General Motors Co. plans to bring back mild hybrids next year, said Larry Nitz, GM executive director of hybrid and electric powertrain engineering.
GM discontinued mild hybrids after 2009 when the closing of Saturn left the carmaker with the technology on just one vehicle, the Chevrolet Malibu sedan, Nitz said. It had been available on the Saturn Vue crossover and Saturn Aura sedan as well.
Nitz, who spoke on the sidelines of the seminars here yesterday, said a new, more powerful system will be available in the third quarter of 2011 on at least one mid-sized sedan in North America and one in China.
He declined to name the vehicles, but he said the first-generation mild hybrid system was available in China on the Buick LaCrosse. He wouldn’t discuss the price of the option.
Unlike a full hybrid system, a mild hybrid system cannot propel a vehicle on electric power alone. It acts as a stop-start system, shutting off the gasoline engine when the car stops and then using the batteries to restart the engine when the accelerator is pressed again.
The motor also provides a boost during acceleration.
Nitz also said GM intends to make some of its own electric motors for hybrids instead of buying them all from suppliers.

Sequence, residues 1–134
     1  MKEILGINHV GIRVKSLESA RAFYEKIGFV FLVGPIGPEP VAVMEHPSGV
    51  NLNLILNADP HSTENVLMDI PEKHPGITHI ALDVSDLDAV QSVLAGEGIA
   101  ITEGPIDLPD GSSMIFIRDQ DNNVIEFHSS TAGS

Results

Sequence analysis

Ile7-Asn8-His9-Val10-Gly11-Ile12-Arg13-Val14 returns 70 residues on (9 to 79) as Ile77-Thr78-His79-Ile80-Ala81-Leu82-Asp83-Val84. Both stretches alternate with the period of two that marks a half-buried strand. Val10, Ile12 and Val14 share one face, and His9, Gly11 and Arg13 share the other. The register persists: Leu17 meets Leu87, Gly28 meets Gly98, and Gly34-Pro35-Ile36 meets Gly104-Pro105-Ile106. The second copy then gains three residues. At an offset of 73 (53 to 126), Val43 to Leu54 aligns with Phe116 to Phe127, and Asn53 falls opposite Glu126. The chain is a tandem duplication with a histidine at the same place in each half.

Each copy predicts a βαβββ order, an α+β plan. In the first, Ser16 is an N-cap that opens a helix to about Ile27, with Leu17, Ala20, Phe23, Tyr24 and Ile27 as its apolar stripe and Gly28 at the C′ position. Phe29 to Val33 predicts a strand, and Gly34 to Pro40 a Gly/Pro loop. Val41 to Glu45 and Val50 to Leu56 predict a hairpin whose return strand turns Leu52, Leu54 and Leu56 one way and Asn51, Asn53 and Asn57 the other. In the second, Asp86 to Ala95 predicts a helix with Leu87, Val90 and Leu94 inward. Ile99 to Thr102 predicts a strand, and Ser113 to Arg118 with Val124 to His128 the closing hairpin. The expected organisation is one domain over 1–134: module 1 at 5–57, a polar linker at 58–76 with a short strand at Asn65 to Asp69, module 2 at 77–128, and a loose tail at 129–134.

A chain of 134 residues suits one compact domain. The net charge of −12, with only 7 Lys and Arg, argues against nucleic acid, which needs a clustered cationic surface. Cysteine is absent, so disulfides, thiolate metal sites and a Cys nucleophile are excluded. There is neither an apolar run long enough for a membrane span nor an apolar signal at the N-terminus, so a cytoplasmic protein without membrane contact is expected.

He said the first GM-made electric motors will be produced in its White Marsh powertrain plant near Baltimore. He said they will be used on the next-generation Two-Mode hybrid technology, which will be an option on future pickups and SUVs.
Nitz called electric motors a core powertrain competency that GM must design and fully understand so it can integrate them into hybrids and plug-in electrics for peak fuel economy and performance.
He declined to reveal when the next-generation Two-Mode hybrids would be introduced. With a Two-Mode, a driver benefits at highway speeds from the electric motor, not just predominantly at starts and stops.
Nitz said GM will reintroduce mild hybrids on its mid-sized sedans with improved technology. They will offer about 20 percent better fuel economy than gasoline engines, he said.
Nitz said the electric motor is improved and the electronics and controllers are fully integrated with the conventional gasoline engine. The system will be wedded to GM’s Ecotech engine and a six-speed transmission capable of maximizing performance and fuel savings, he said.
When the mild hybrid was introduced in the Saturn Vue in 2006, it was bolted onto a four-cylinder engine and four-speed transmission not designed for regenerative braking. That mild hybrid produced a 15 percent improvement in fuel economy.